"An Alternative Plan to Fix TBTF: Lay Big Banks' Subsidy Bare"(July 25), on Professor Cornelius Hurley's plan to account for implicit government subsidies, is an important contribution to the conversation on how to end Too Big to Fail.
Lower borrowing costs for the biggest institutions based on perceived government support encourage these institutions to grow larger and more systemically important. This dynamic also puts community banks at a competitive disadvantage.
As the article pointed out, a number of studies have concluded that the value of the "Too Big to Fail Subsidy" is staggering.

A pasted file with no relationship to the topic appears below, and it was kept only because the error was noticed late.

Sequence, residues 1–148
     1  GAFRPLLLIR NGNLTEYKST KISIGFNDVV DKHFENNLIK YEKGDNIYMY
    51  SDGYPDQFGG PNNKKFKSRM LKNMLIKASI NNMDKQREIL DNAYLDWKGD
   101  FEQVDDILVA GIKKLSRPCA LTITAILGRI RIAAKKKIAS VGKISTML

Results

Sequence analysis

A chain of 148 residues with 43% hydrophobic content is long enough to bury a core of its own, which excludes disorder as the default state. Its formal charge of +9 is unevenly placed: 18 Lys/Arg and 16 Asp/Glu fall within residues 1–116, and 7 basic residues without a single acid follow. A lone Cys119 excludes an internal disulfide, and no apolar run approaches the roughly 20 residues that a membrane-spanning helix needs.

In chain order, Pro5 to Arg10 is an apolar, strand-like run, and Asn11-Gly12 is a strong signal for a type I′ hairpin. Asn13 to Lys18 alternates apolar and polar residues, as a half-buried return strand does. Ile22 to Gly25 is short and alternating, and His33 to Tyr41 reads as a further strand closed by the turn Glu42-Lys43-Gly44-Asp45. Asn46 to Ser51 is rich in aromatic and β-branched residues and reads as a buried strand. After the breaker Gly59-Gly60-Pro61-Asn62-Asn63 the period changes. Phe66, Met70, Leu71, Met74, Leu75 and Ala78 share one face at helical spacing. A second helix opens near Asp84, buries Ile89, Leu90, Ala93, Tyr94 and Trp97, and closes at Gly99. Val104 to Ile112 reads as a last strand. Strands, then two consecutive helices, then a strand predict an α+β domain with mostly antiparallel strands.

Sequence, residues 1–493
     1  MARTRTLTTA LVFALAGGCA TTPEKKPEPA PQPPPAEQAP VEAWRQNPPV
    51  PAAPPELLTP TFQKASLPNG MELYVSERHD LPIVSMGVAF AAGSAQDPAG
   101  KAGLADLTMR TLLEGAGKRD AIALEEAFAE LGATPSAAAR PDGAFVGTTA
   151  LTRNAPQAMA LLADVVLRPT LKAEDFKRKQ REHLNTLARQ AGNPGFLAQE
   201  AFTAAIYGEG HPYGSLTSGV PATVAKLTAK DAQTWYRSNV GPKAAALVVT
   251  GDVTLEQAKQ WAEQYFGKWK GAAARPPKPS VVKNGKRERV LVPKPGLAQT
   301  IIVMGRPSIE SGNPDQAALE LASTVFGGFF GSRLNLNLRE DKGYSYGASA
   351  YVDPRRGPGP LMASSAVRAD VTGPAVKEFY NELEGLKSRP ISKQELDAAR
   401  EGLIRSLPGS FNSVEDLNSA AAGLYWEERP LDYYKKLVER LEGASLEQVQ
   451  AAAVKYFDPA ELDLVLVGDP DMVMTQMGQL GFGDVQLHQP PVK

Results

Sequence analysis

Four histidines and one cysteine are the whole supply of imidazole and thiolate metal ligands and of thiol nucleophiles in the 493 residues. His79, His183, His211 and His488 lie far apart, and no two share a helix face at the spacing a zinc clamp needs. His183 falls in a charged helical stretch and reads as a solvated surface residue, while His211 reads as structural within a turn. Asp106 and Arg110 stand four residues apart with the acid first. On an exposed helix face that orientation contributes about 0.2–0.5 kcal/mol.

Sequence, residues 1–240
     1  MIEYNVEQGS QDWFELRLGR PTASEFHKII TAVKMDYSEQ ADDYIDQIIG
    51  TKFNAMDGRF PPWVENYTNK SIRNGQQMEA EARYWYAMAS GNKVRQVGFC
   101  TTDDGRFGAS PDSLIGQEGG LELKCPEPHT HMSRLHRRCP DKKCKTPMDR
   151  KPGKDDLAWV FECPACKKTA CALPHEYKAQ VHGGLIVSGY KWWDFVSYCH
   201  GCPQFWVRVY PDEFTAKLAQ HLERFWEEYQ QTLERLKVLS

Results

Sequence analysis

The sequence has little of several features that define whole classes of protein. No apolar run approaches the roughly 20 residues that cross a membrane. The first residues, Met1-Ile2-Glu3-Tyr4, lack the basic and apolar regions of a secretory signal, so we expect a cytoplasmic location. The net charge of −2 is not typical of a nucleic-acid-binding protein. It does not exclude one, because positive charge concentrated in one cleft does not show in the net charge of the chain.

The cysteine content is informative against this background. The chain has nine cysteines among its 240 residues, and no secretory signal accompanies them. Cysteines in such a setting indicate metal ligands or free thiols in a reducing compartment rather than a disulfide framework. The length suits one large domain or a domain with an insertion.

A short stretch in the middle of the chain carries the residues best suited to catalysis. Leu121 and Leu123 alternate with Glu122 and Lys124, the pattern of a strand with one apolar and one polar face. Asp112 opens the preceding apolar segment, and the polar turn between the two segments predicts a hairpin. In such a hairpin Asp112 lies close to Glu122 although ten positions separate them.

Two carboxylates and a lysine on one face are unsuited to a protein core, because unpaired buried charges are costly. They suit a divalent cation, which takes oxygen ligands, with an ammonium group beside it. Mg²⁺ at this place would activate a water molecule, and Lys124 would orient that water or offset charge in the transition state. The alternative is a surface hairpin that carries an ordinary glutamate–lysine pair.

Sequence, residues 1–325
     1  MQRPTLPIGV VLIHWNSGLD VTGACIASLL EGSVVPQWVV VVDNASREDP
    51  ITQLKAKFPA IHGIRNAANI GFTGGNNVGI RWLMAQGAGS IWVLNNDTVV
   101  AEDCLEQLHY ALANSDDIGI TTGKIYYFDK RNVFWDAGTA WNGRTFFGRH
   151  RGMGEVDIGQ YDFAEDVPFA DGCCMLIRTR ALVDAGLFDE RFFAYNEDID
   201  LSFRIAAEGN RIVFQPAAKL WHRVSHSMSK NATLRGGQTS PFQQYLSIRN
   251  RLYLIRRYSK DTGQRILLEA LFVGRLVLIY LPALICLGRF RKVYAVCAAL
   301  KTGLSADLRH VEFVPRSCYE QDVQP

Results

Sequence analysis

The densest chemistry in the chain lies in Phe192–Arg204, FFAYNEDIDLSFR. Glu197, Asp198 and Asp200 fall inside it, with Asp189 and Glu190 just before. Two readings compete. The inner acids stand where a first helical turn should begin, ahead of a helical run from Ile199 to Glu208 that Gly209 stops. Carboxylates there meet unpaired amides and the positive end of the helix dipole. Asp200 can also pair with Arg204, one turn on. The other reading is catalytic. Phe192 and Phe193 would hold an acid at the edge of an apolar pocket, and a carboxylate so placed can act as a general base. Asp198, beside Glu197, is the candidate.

If the forthcoming Government Accountability Office study validates these findings, the results will underscore the sense in accounting for the subsidy.
In the meantime, legislators and regulators should give serious consideration to integrating Professor Hurley's plan into the emerging regulatory patchwork aimed at ending Too Big to Fail.
Robert Tammero is an attorney in Boston.